What to Expect from Your Upcoming Cataract Surgery

Your vision has degraded to the point that your eye doctor has recommended cataract surgery. This is a common procedure now done in your doctor's office as an outpatient treatment. If the thought of cataract surgery makes you a little anxious, though, here is what you can expect from this quick and safe procedure to restore your healthy vision.

You'll Need a Little Help

Arrange to have someone take you to your appointment and bring you back home. The eye drops that the doctor uses will make it difficult to drive for several hours because your vision may be impaired. Ask the person to stay with you at home for a few hours after the procedure, too. You'll likely be tired and having someone with you for a short time will be helpful.

The Cataract Surgery

Once you've checked in to the eye doctor's office or clinic, you'll be seated in a comfortable chair that reclines slightly. Your doctor or their assistants will move equipment next to you that will be used during the procedure. The doctor will look through a microscope to see into your eyes as they do the surgery. They will also use an ultrasonic probe or a laser for the surgery.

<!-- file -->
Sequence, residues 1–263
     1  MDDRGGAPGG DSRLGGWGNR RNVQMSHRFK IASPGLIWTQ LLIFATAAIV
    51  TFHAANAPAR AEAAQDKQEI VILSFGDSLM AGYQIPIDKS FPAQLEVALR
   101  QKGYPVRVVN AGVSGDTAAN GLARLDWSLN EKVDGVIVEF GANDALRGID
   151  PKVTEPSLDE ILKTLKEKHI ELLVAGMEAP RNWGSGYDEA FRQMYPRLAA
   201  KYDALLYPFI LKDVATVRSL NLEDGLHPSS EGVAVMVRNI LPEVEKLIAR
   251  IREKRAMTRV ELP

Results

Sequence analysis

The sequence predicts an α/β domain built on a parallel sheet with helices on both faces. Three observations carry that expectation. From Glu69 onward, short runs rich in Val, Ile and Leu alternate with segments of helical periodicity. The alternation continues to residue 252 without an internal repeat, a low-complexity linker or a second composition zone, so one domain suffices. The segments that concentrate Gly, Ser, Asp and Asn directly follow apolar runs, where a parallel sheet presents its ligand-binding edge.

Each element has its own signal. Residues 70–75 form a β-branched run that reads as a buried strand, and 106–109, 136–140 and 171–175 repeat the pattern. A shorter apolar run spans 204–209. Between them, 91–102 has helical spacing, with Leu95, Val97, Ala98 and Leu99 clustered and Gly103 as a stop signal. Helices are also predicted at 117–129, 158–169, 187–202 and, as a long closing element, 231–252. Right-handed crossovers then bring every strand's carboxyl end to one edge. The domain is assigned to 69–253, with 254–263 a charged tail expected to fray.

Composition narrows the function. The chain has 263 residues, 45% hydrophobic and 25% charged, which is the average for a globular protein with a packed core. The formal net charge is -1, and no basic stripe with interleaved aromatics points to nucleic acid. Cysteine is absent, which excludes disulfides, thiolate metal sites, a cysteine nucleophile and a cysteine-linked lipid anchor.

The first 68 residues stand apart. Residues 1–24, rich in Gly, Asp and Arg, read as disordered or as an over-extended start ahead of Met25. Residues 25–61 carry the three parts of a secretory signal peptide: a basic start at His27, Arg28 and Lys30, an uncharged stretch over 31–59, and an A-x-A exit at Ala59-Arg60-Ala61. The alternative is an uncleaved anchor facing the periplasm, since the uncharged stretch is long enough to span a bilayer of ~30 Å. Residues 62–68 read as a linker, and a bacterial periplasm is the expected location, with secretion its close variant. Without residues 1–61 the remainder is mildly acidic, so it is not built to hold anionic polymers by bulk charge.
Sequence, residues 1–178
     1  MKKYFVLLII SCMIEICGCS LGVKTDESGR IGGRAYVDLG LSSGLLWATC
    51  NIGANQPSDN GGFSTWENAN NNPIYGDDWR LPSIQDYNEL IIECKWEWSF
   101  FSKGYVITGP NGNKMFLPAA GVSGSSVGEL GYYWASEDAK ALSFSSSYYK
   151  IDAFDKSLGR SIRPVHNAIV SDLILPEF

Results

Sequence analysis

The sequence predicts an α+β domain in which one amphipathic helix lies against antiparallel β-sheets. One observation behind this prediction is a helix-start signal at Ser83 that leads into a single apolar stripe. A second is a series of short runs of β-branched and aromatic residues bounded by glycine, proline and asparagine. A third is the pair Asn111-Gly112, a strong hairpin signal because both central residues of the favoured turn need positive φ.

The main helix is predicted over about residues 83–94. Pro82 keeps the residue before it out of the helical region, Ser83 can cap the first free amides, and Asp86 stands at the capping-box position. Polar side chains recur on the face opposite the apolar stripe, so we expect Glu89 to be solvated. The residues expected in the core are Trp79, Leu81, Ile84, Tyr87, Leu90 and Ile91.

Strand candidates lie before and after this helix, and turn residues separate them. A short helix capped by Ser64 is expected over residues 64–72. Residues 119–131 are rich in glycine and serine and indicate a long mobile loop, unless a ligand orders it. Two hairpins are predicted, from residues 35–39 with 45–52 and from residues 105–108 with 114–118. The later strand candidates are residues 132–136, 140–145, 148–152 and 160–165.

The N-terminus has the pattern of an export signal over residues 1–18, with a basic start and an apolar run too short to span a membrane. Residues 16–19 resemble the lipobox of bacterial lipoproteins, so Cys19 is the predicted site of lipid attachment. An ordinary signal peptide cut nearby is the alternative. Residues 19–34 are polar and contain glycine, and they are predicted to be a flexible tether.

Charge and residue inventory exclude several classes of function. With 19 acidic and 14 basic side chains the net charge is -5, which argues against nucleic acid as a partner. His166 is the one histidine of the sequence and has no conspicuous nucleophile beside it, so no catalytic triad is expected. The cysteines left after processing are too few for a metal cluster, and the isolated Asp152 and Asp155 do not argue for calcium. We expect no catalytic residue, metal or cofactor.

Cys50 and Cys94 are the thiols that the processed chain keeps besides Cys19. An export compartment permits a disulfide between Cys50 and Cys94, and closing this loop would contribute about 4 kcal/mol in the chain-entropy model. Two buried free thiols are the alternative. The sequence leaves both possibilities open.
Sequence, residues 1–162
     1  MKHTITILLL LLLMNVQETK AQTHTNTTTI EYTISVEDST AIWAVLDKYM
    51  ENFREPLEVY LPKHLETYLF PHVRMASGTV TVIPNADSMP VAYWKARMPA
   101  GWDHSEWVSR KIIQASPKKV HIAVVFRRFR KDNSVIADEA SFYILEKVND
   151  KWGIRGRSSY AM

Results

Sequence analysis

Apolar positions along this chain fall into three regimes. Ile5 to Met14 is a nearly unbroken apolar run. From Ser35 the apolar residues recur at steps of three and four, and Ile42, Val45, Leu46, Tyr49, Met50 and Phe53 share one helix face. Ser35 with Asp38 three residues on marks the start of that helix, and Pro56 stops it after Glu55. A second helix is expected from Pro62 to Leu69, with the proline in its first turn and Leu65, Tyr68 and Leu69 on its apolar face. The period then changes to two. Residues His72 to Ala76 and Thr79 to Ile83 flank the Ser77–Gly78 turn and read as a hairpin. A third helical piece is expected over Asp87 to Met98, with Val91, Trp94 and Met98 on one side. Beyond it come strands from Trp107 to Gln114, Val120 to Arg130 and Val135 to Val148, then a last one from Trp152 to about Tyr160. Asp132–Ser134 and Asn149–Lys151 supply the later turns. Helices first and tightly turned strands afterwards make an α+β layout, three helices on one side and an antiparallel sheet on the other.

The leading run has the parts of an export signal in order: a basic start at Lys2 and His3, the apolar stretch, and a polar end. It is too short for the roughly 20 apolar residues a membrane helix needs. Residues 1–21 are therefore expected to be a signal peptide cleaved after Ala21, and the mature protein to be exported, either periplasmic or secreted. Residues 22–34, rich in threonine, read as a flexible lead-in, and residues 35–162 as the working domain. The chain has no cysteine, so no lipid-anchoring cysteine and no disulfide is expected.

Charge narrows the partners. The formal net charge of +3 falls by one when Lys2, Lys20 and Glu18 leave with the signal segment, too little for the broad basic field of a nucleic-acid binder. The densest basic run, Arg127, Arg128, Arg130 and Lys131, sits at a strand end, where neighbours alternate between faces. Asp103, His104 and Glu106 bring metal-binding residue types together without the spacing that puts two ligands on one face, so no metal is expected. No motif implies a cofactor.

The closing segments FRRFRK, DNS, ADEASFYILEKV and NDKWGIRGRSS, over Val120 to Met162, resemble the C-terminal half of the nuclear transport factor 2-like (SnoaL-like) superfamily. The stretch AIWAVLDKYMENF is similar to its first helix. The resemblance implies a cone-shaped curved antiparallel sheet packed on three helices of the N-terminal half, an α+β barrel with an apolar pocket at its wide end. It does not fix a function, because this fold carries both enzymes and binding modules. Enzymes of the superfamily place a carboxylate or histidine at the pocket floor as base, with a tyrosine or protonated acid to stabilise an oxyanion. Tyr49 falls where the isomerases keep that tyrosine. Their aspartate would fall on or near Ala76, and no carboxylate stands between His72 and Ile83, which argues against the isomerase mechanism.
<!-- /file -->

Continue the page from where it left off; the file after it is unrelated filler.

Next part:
When you are comfortable, your doctor will put drops in your eyes to anesthetize them. You'll feel no pain during the procedure. You'll also get eye drops to make your eyes dilate. This helps your doctor see the area in which they will be working.

The surgery consists of making a small incision in each eye and then removing the cloudy lenses. The doctor will then insert an artificial lens, called an intraocular lens (IOL), into the space taken up by the original lenses. Most cataract procedures require no stitches. For some cases in which the cataract is advanced, a larger incision must be made which will require a couple of stitches to close.

You'll be taken to a quiet area after the procedure to rest for a short time. Your doctor will check on your eyes periodically. When they are satisfied that there are no issues, you'll be able to go home. You'll receive a prescription for antibiotic eye drops to use for a few days and pain medication for minor aching you may have while your eyes heals.

Back at Home

For a few days, your eyes may itch slightly as they heal. If it bothers you, your eye doctor will give you an eye shield to wear to prevent you from rubbing your eyes. You'll continue to use the eye drops to prevent an infection and any swelling in the eyes.

You'll see an improvement in your vision as the eyes heal and any swelling goes away. The IOLs inserted into your eyes will correct some vision issues, but you may need to continue to use glasses to have good near and distance vision.

You'll have follow up appointments with your eye doctor to check on your vision. Besides improving your vision, one advantage of artificial lenses is that they are unaffected by cataracts. This is a procedure that you won't need to have again in the future. If you have any more questions or if you feel you may have cataracts, contact an eye doctor at an establishment like Alta View Eye Care Center.